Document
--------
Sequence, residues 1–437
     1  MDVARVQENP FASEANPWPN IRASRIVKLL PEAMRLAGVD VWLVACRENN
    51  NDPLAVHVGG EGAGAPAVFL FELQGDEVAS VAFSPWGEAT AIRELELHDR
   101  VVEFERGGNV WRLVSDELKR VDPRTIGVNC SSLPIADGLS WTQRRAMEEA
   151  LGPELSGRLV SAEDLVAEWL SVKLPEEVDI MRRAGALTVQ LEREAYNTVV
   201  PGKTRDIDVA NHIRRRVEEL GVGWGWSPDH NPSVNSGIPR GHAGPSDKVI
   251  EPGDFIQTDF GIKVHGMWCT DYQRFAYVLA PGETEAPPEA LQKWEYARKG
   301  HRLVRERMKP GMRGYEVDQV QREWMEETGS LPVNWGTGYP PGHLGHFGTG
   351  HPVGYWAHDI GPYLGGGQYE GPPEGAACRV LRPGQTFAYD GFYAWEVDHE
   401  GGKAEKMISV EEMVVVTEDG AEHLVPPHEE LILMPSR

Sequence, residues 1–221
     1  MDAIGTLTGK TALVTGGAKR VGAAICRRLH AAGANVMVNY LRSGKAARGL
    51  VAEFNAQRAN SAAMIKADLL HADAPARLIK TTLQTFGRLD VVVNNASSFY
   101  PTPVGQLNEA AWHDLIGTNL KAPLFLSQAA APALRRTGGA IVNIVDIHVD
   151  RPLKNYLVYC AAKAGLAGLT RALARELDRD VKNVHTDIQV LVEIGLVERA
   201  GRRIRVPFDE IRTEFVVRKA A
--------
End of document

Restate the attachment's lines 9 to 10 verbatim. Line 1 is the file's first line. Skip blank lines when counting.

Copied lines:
   351  HPVGYWAHDI GPYLGGGQYE GPPEGAACRV LRPGQTFAYD GFYAWEVDHE
   401  GGKAEKMISV EEMVVVTEDG AEHLVPPHEE LILMPSR